Friday, March 6, 2009

Senator declares Snopes to be last word on Obama citizenship issue

Senator Jon Kyl, (RINO) Az., is the man in question. Apparently he believes Snopes is the final authority when it comes to "internet rumors" concerning this and other matters of national import. All Hail Snopes!:

From WND's article:

Sen. Jon Kyl, R-Ariz., has referred constituents raising concerns over President Obama's eligibility to occupy the Oval Office to an online "fact" organization that relies for its answer partly on information from the Obama campaign.

The response from Kyl to an Arizona constituent was revealed just one day after a Florida WND reader alerted WND to the fact Sen. Mel Martinez, R-Fla., had told him that Obama's eligibility was affirmed by voters who supported him in the Democratic primary and general elections in 2008.

The response from Kyl to a voter who asked about Obama's ability to meet the constitutional requirements for president said:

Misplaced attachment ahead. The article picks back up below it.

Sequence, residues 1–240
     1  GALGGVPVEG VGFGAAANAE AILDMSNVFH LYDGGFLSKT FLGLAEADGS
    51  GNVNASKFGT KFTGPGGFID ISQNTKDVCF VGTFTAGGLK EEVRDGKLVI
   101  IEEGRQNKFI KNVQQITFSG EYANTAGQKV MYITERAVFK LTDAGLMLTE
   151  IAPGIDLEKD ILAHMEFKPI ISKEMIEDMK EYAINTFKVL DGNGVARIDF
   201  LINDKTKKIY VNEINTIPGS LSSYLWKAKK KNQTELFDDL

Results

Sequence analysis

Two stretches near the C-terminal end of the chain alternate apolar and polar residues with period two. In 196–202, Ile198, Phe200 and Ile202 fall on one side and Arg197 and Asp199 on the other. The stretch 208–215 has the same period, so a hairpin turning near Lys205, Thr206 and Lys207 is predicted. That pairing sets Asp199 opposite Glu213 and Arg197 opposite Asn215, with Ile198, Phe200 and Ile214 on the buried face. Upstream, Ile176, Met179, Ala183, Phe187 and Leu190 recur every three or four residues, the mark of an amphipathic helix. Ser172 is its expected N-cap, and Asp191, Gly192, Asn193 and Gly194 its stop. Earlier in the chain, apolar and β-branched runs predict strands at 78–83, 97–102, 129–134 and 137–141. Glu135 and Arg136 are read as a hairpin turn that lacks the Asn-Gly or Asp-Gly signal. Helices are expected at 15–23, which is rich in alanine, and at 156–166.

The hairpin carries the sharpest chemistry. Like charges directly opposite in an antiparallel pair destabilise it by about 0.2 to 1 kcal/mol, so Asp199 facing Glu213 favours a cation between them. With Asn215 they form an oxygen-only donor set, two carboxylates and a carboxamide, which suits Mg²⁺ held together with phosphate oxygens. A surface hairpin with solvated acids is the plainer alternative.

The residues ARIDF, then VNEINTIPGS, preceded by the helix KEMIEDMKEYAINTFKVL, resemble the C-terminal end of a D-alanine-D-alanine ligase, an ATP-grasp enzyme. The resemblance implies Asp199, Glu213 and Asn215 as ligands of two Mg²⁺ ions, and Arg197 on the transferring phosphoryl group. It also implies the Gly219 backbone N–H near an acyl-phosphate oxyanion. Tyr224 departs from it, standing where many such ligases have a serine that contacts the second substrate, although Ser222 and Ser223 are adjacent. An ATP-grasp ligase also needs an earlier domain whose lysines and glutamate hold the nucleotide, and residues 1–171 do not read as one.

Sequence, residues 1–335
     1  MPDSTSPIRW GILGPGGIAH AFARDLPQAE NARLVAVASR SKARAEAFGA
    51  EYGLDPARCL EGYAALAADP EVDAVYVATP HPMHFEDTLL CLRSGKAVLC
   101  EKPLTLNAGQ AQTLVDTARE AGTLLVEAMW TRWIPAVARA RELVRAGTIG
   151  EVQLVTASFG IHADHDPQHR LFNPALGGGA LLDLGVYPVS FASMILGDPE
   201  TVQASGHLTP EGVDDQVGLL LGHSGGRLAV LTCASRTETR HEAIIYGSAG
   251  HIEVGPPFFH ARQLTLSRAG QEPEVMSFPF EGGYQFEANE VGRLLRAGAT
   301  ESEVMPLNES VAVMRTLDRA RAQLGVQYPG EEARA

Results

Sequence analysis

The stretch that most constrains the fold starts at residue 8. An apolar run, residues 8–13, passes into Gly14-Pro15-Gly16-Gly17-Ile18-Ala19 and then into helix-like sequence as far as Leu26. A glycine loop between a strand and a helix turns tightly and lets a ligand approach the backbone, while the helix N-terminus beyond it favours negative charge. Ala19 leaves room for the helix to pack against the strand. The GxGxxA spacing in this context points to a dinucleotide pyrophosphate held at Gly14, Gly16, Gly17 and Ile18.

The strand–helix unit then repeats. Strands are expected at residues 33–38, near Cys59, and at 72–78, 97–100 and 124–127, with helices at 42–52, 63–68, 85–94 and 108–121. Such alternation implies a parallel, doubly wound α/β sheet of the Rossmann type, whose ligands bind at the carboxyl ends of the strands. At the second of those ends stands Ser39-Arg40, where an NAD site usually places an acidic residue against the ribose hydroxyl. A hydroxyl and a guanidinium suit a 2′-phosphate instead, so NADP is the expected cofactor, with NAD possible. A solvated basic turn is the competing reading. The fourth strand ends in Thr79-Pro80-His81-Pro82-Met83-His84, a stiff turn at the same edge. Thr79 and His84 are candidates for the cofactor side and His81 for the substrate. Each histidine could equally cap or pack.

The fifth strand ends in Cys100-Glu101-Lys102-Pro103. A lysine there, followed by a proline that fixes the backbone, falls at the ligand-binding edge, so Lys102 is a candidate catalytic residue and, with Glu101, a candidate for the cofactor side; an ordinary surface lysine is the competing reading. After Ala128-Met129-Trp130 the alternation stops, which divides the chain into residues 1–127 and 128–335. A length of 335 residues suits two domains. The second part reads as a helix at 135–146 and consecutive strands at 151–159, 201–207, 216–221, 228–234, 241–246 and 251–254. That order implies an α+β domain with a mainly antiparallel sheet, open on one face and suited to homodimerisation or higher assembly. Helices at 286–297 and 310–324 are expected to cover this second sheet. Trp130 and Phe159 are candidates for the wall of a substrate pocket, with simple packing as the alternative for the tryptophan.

Thank you for your recent e-mail. Senator Obama meets the constitutional requirements for presidential office. Rumors pertaining to his citizenship status have been circulating on the Internet, and this information has been debunked by, which investigates the truth behind Internet rumors.

See what I mean when I say that the U.S. Senate, as it currently exists, is a filibuster-proof Senate? It doesn't matter what the specific piece of legislation or issue is, Obama and the (openly) socialist-democrats will be able, in any case, to peel off enough "republicans" to get their measures through.

By the way, we need this designation (RINO) placed beside the names of all elected Republicans who are, rather than the usual (D)/(R) that we're accustomed to getting. Shame on any and all who refuse to use this alternate designation.